The zero waste challenge

Back in February, my wife and I signed up to Green Up Luton, a three month challenge that has seen us cutting our energy use, using more sustainable means of transport, and now cutting down our waste. We’ve had a series of tasks, but this week is the most ambitious yet, to try and aim for zero waste.

That’s a pretty tall order. Between recycling and composting and re-using things when we can, we don’t throw away much in our household – maybe a carrier bag full or so a week. To knock that down to nothing at all is a big challenge. Part of that is using our imaginations and seeing what else can be re-used around the house, but I’ve already got a stockpile of old plastic trays and jar lids and bits and pieces. Trying to re-use everything is just going to land me with more clutter. So I’m being pushed towards an alternative solution, which is to try and stop the rubbish coming into the house in the first place.

Here’s where it gets interesting, because I’m immediately noticing things I hadn’t paid any attention to before. For example, fresh things come with less packaging. The more processes my food has been subjected to, the more layers of plastic have been added to the final product. I went to the bakery this morning and bought a loaf of bread. If I have it sliced, it goes in a plastic bag. If it’s unsliced, it comes in a paper bag. The addition of a ten second slicing process means it needs more sophisticated packaging.

When you think about it, that holds true across most of the food we buy. The more washing, slicing, mixing and cooking we’re prepared to do, the less waste we will create, and the trash gyres are the price we pay for the few seconds of convenience we buy for ourselves.

I’m also paying attention to the materials more, looking out for packaging that’s non-biodegradable. I considered buying a bar of chocolate as I was queuing past them in the Post Office, but they were all wrapped in foil/plastic composites. Not so long ago, chocolate came in foil with a paper wrapper, both of which would break down without any trouble. Perhaps plastic is cheaper, or extends the shelf-life, but paper and foil worked just fine for decades.

It’s a bit of a game, the zero challenge week in the Williams household, but these are the kinds of questions our whole consumer culture needs to address, little by little. Can we bring back deposits on glass bottles? Was fish and chips in yesterday’s newspaper really so unhygenic? How long until we all follow Ireland’s example and put a tax on plastic bags?


  1. We have also struggled with reducing waste but are really making a concerted effort. Nevertheless, I become more annoyed with how much I’m throwing away. Here in NYC, there are special challenges because of lack of space. We want to compost, but we have to figure out where to put the worm bin. That is my next hopeful endeavor. We’re thinking of making use of the vertical space we have and building a shelf up high.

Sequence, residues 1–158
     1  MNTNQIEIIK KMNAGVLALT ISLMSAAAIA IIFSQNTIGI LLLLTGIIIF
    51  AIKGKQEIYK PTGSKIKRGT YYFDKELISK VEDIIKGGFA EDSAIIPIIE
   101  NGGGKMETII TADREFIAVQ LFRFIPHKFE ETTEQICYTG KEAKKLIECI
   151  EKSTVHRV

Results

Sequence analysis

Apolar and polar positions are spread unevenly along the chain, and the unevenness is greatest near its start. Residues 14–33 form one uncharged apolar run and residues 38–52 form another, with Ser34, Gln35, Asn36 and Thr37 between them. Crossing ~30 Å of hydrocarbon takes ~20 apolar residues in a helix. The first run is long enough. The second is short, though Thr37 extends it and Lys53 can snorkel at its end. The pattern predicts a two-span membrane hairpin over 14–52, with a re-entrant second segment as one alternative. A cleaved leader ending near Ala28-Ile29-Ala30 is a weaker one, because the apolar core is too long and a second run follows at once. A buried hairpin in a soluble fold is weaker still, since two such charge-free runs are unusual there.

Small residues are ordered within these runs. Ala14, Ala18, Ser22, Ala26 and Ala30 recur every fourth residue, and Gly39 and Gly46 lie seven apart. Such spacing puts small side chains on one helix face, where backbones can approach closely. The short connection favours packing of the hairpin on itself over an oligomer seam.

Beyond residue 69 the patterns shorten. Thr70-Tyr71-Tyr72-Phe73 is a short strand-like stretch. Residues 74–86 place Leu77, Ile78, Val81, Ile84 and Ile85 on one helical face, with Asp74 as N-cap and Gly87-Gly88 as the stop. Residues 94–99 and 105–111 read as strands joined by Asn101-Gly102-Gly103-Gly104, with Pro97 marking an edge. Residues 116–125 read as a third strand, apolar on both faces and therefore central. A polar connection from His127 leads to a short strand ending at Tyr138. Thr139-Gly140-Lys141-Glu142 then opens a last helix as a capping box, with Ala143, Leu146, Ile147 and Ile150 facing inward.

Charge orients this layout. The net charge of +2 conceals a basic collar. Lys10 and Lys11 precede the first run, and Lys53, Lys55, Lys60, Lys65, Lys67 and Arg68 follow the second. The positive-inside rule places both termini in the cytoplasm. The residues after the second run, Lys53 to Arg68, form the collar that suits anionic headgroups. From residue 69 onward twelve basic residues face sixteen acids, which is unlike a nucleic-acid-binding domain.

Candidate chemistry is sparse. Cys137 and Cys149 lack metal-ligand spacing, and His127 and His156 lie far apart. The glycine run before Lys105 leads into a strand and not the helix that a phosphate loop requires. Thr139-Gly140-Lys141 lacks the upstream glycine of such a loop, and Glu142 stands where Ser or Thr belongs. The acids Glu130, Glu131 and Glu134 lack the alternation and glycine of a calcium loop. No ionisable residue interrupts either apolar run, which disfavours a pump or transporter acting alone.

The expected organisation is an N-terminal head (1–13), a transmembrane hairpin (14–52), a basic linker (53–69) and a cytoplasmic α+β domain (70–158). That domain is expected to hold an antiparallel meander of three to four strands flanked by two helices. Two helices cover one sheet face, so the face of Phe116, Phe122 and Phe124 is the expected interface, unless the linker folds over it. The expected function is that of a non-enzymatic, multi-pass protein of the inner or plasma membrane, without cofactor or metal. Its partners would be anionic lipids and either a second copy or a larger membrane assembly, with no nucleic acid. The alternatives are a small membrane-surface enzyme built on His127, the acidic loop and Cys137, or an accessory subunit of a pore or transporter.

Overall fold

We use cloth bags for our grocery shopping, but I end up using plastic bags for the large number of bulk items we buy. This is so frustrating. I’m on the look-out for muslin bags that won’t add weight when the bulk items are weighed. I may look into making them out of some old t-shirts.

    I have discovered that our 32 oz yogurt containers make great pots for plants. I don’t use them for edible plants, but for the others, they work perfectly. I cut a drainage whole in the bottom, cut an inch or two off the top of the container if it needs to be shortened, and use the lid to catch water from the bottom.

    Anyway.. these are all quite fun challenges, actually. I’m totally interested in discovering more ways to re-use and create new stuff out of old stuff! 🙂


    1. it is fun, isn’t it? It becomes a creative challenge. I’ve been looking out for net bags for buying vegetables, but haven’t found what I’m looking for yet.

      I met someone the other day who claimed you could have a worm bin as a coffee table. Not sure about that… I think you may be better off with a shelf.

  2. The zero waste challenge idea is incredible, isn’t it? I haven’t done it myself yet but one of our founders did it with a bunch of other households last year (their daily blog is at http://www.ethical.org.au/zero_waste/).

    I’m trying to do a no new/no packaging challenge for my baby (now 16 months). We were always going to do cloth nappies but now we do cloth wipes as well, for example… I’m constantly finding other issues but it’s a good mindset to get into!

    1. We didn’t do very well at the zero waste challenge! I bought things really carefully, but we used things from the freezer and some food that was given to us, and finished the week with quite a pile of plastic. Definitely got me thinking though!

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